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1.
Br J Clin Psychol ; 2021 Apr 06.
Artigo em Inglês | MEDLINE | ID: mdl-33822376

RESUMO

OBJECTIVES: This review sought to evaluate the effectiveness of the 'Stress Control' (SC) large psychoeducational 6-session group programme developed to increase access to treatment for patients with anxiety and depression. DESIGN: Systematic review and meta-analysis (Prospero registration: CRD42020173676). METHODS: Pre-post and post-treatment follow-up effect sizes were extracted and synthesized in a random effects meta-analysis, and variations in effect sizes were investigated via moderator analyses. Secondary analyses synthesized between-group effect sizes from controlled studies containing comparator treatments and calculated the average dropout rate. The quality of the meta-analysis was assessed using the GRADE approach. RESULTS: Nineteen studies with pre-post treatment outcomes were included. The average group size was N = 39, and the average dropout rate was 34%. Pooled effect sizes indicated moderate pre-post treatment reductions in anxiety (ES = 0.58; CI 0.41 to 0.75; N = 5597; Z = 7.13; p < .001), moderate reductions in depression (ES = 0.62; CI 0.44 to 0.80; N = 5538, Z = 7.30; p < .001), and large reductions in global distress (ES = 0.86; CI 0.61 to 1.11; N = 591; Z = 7.41; p < .001). At follow-up, improvements in anxiety, depression, and global distress were maintained. When SC was compared to active and passive controls, outcomes were equivalent for anxiety (ES = 0.12, 95% CI -0.25 to 0.49, Z = -0.70; p = .482) and depression (ES = 0.15, 95% CI -0.24 to 0.54, Z = 0.84; p = .401). CONCLUSIONS: SC appears to be a clinically effective and durable low-intensity group intervention that facilitates access to treatment for large patient numbers. However, conclusions are limited by the low methodological quality of the evidence. PRACTITIONER POINTS: The stress control version of large group psychoeducation is appropriate and effective for mild-to-moderate anxiety and depression The evidence base for stress control is predominantly made up of practice-based studies Stress control needs to form one component of the overall offer made to patients presenting with mild-to-moderate anxiety and depression The competencies required to deliver such groups need better specification.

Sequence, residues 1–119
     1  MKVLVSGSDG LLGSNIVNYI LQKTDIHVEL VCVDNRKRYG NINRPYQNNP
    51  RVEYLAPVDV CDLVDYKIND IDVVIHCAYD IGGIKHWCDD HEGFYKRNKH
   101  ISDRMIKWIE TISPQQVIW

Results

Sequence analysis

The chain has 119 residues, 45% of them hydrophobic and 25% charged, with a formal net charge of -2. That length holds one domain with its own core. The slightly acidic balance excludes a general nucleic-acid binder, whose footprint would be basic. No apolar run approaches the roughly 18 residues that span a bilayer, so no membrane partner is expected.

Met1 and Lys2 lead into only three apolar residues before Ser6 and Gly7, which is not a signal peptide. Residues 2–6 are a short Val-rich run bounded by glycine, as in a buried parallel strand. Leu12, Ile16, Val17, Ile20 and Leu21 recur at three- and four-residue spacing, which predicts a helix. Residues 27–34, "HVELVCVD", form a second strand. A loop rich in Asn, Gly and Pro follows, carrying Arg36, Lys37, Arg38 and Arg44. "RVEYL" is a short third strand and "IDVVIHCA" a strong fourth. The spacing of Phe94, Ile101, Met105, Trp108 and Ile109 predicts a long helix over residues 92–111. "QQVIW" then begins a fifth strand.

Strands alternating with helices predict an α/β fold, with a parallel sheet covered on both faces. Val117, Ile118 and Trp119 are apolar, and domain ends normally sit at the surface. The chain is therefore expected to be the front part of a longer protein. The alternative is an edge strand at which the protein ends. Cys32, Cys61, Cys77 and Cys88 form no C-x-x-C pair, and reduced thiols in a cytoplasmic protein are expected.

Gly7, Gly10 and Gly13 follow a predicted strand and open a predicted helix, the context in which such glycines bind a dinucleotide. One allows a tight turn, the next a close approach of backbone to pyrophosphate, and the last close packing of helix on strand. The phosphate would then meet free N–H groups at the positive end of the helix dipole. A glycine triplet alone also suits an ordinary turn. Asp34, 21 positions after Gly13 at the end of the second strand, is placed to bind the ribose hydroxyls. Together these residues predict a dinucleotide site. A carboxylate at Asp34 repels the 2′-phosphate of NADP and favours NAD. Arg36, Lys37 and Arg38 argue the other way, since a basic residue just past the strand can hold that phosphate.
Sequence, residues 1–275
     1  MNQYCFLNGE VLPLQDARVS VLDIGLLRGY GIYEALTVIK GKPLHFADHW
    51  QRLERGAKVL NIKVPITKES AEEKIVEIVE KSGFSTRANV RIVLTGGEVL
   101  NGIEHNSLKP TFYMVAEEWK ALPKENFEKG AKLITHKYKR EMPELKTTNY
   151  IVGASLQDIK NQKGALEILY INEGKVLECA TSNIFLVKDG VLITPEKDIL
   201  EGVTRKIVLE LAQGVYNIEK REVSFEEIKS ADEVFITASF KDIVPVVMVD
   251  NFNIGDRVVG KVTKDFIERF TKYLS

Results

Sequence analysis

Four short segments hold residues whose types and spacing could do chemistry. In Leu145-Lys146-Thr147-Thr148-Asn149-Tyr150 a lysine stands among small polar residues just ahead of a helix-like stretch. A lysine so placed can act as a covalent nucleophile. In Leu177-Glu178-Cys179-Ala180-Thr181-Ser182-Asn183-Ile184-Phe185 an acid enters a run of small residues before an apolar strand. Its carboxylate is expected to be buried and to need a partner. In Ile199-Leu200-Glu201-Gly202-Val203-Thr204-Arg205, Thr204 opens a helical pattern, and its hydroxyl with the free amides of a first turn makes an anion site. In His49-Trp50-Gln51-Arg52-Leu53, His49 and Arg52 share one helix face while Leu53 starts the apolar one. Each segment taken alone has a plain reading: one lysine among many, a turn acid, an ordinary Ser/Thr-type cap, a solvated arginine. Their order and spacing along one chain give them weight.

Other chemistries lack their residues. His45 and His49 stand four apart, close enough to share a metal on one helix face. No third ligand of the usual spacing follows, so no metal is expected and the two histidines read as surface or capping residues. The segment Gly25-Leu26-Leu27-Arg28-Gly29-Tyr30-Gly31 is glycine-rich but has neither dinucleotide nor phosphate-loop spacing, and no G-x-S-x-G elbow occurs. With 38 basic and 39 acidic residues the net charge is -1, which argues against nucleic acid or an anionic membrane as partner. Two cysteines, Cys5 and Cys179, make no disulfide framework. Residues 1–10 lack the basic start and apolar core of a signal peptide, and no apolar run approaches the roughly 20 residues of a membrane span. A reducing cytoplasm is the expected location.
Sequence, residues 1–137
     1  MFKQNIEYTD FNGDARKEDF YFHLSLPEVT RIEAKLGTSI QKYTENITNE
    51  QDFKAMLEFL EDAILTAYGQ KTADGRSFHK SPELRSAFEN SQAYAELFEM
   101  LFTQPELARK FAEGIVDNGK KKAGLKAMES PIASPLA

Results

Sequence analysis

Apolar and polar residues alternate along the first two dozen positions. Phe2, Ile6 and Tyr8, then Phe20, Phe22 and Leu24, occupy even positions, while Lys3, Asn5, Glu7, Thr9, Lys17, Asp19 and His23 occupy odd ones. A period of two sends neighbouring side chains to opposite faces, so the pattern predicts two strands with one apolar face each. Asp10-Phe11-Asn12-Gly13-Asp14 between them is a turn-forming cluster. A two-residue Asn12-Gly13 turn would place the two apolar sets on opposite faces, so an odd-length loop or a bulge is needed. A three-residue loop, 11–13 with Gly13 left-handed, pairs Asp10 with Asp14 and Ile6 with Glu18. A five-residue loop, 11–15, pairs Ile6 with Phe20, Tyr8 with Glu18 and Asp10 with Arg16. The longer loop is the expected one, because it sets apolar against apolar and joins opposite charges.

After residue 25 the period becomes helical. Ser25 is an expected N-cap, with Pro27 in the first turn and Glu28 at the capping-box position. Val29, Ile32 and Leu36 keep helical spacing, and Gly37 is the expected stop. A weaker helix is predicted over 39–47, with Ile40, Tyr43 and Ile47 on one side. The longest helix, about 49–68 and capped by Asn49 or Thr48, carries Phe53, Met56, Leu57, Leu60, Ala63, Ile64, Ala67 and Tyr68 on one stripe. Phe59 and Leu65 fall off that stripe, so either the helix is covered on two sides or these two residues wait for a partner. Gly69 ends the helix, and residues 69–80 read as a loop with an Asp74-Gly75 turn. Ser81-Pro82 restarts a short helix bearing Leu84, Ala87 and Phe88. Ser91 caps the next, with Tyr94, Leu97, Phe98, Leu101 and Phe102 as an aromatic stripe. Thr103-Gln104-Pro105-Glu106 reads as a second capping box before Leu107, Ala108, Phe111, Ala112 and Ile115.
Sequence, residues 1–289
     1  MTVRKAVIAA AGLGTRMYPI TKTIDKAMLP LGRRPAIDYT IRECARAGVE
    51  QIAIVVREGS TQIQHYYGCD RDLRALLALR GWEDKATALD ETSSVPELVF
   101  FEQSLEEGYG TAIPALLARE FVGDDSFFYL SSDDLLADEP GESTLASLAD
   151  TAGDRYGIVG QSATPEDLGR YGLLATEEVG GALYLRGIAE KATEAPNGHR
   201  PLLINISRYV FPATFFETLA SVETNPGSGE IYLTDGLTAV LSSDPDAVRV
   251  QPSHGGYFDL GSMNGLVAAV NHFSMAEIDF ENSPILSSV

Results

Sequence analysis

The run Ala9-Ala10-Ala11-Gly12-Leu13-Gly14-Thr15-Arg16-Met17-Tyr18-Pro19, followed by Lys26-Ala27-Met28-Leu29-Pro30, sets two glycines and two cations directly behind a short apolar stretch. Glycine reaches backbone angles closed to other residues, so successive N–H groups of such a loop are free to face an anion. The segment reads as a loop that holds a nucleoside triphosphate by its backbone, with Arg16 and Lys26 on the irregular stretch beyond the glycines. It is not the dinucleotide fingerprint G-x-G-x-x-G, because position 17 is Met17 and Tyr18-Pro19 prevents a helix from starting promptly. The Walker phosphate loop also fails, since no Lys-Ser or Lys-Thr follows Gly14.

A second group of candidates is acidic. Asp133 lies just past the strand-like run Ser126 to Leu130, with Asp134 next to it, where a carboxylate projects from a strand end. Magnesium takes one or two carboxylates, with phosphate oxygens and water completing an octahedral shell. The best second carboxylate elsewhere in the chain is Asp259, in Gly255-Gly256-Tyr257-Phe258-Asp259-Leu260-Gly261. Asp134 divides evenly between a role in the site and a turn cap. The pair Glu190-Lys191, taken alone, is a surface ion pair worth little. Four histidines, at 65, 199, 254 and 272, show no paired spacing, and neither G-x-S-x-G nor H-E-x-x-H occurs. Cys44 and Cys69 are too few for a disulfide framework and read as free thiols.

2.
Body Image ; 37: 28-37, 2021 Feb 03.
Artigo em Inglês | MEDLINE | ID: mdl-33548664

RESUMO

This study examined whether rumination, shame, self-criticism, and perfectionism mediate the previously established link between self-compassion and both eating and body image concerns. A cross-sectional online survey was completed by a community sample of non-clinical adult women (n = 369) and men (n = 201). Participants completed standardised measures of self-compassion (predictor), rumination, external shame, perfectionism and self-criticism (mediating variables), and eating pathology and body image (criterion variables). Path analyses confirmed that higher self-compassion was serially linked to lower eating pathology and body dissatisfaction through comparative self-criticism and external shame. Compared with women, the association between higher self-compassion and lower body dissatisfaction was weaker in men. However, there were no mediating effects of rumination, perfectionism, or internalized self-criticism. Overall results indicate notable similarities between women and men, and emphasise the potential value of targeting external shame during eating disorder prevention and treatment. Longitudinal study of these constructs is warranted in future research.

3.
Eat Weight Disord ; 2021 Feb 18.
Artigo em Inglês | MEDLINE | ID: mdl-33604880

RESUMO